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Former Saint Mary’s student dies in accident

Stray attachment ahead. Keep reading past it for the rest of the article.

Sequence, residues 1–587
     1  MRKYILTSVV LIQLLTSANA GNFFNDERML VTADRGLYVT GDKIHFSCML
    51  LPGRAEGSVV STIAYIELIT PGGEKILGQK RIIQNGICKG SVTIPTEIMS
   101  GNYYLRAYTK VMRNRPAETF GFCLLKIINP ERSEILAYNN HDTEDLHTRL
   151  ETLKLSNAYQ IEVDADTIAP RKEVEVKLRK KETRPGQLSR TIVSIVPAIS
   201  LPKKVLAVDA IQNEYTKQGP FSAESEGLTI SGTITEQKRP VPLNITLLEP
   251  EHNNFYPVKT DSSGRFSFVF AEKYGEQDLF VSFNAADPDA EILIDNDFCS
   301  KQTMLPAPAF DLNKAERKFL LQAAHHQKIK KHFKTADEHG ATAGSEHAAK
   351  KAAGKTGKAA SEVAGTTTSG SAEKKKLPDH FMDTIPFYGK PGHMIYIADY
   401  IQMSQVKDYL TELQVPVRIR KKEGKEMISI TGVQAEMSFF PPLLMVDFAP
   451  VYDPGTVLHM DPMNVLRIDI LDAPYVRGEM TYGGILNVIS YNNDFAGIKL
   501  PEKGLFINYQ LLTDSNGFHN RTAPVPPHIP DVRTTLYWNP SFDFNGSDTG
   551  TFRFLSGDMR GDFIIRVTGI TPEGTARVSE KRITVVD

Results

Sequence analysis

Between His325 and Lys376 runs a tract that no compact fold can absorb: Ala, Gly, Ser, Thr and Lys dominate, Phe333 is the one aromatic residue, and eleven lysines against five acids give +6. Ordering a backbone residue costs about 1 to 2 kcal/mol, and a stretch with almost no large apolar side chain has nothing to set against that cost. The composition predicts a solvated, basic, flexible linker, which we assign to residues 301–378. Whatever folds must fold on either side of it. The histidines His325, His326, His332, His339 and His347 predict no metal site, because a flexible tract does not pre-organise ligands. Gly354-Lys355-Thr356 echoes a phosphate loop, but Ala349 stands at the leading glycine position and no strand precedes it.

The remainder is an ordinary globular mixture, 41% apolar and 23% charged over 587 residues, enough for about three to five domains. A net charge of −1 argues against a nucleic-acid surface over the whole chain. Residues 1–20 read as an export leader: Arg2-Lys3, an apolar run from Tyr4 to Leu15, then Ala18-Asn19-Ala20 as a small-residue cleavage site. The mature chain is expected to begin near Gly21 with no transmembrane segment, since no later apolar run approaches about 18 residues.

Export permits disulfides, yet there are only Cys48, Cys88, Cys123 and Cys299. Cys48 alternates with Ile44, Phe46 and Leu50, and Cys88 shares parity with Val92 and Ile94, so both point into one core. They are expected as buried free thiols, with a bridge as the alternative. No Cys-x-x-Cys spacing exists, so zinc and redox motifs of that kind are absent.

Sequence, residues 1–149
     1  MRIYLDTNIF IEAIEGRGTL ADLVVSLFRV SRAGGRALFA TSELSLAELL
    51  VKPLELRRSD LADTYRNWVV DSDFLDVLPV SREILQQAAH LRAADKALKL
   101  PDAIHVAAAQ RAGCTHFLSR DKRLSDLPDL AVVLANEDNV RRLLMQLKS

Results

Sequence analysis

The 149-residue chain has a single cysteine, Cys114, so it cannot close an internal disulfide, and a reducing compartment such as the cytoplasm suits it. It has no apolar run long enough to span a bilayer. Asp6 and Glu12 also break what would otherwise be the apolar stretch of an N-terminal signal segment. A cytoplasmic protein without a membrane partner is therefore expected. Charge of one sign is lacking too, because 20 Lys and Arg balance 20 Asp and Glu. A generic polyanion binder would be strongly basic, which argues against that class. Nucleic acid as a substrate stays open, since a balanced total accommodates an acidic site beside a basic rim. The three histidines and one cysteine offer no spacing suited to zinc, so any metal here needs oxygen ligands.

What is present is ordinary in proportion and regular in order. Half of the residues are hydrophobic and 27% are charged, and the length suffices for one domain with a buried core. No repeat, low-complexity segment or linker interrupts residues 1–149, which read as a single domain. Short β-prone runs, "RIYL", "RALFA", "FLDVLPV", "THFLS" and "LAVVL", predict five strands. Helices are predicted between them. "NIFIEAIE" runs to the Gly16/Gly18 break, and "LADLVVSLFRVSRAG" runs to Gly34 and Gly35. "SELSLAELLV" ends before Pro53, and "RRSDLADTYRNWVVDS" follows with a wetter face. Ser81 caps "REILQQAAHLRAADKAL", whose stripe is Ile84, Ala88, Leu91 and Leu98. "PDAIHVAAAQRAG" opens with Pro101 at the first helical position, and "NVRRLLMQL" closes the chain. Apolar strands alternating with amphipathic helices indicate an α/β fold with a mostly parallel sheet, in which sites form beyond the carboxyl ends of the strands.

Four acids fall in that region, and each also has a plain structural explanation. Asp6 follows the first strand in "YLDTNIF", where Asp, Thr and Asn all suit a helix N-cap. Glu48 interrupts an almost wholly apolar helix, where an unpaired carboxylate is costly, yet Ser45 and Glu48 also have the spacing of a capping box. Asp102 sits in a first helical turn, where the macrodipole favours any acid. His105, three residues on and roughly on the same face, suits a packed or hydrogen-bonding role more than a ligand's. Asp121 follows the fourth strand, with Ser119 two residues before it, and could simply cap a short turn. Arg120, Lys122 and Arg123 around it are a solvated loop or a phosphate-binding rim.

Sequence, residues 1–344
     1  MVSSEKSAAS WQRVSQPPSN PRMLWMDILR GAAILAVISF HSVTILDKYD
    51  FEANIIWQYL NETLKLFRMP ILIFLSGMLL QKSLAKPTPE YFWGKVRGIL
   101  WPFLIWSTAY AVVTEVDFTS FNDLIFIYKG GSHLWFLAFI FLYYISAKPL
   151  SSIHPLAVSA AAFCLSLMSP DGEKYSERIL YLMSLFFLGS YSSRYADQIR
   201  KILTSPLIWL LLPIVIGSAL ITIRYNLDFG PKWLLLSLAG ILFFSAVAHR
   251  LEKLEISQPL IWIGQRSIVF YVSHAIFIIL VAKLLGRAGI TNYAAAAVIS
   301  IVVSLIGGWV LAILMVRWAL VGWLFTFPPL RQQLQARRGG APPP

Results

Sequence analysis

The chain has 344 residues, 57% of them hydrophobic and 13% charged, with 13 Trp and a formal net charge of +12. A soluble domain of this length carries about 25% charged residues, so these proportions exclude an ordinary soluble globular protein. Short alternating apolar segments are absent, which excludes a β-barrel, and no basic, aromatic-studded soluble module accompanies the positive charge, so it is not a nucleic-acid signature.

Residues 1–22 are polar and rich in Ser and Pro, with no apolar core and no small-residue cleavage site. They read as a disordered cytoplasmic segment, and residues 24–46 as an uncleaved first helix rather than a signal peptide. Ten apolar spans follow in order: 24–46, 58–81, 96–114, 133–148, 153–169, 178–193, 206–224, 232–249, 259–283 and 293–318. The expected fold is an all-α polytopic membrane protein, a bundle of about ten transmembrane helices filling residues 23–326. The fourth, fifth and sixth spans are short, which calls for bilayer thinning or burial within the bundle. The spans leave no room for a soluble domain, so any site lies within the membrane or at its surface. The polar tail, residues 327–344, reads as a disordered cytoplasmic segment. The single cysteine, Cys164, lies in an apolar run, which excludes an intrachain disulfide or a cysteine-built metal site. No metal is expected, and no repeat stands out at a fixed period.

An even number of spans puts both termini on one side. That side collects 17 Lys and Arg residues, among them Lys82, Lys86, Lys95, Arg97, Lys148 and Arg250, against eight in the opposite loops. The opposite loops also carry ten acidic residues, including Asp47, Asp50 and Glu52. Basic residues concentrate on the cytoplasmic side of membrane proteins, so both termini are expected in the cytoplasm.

first_imgThe death of former first year Madelyn Stephenson has weighed heavily on the Saint Mary’s community in recent weeks. Stephenson is remembered fondly by friends and faculty, and a memorial service for Stephenson will be held Friday at 4 p.m. in Regina Chapel.Stephenson, 19, died Friday, Jan. 3 from injuries sustained in an automobile accident.According to The South Bend Tribune, the Marshall County Sheriff’s Department said Stephenson was southbound on U.S. 31 near 7B Road in Plymouth, Ind., just after 11 a.m. on Friday, Jan. 3.  Stephenson’s Honda was struck on the driver’s side after turning into the path of a semi-tractor.The investigation is ongoing with assistance from the Indiana State Police, according to the Tribune. Alcohol was not a factor in the incident, the Tribune reported.Though Stephenson was planning to attend Indiana University in Bloomington this spring, she completed her fall semester at Saint Mary’s while living off campus in Granger, Ind., her hometown.Fellow first year and friend Elizabeth Renner said she especially enjoyed sitting next to Stephenson and listening to all the funny jokes she would utter beneath her breath in their Arabic course last fall.“Madelyn was shy, but once you got to know her, she was someone very special. She was bubbly and had great enthusiasm for the Arabic language,” Renner said.  “After moving seats towards the end of the semester, I was able to get to know her better.  She was so helpful whenever I did not catch a phrase or if I missed class. She was always ahead of the class and a very smart girl.  I wish the rest of the class had a chance to hear her hilarious jokes. She will be missed by our Arabic class so much.”Her teachers from the College remember her as a quiet but friendly student with a passion for the sciences and learning.Stephenson’s advisor and associate professor of biology Ryan Dombkowski said she was passionate about science and had plans to pursue a degree in environmental science.“Madelyn was a quiet and reserved young woman, yet full of enthusiasm about science, especially with regard to the environment,” Dombkowski said. “From the short time I knew her, she was quite pleasant to have in class. I am sure she brought a lot of joy and happiness to her family, and our thoughts and prayers are certainly with them during this difficult time.”Another of Stephenson’s professors, Professor Soraya Wirth, remembers her as passionate about her studies and medicine in Wirth’s Arabic course.“I found her to be very studious, to be a person with a very legitimate passion for learning … and to thoroughly enjoy the culture and traditions of Middle-Eastern countries.” Wirth said, “Madelyn shared with me and her classmates her dream of becoming a doctor, and she was very excited about it.”Wirth also said Stephenson stood out academically and respected by her classmates.“She was one of my best students and had not missed any Arabic class throughout the semester. Madelyn was highly respected and regarded by all of her classmates, and she was always in control over any adverse situation,” Wirth said. “I am so sad that her journey came to an end with this horrible accident … she was a truly enjoyable student.”Saint Mary’s President Carol Ann Mooney expressed her sympathy to the College’s community in a Jan. 7 email.“On behalf of the entire Saint Mary’s College community, I would like to express our heartfelt condolences to Madelyn’s family,” Mooney said. “Our thoughts and prayers are with them. Death is never easy, especially when it is a young person with so much life ahead of her.”Grief counseling is available to students through Saint Mary’s Women’s Health Center, Campus Ministry and Residence Life and Community Standards.Tags: Automobile Accident, Madelyn Stephenson, Memorial Service, president carol ann mooney, South Bend Tribunelast_img read more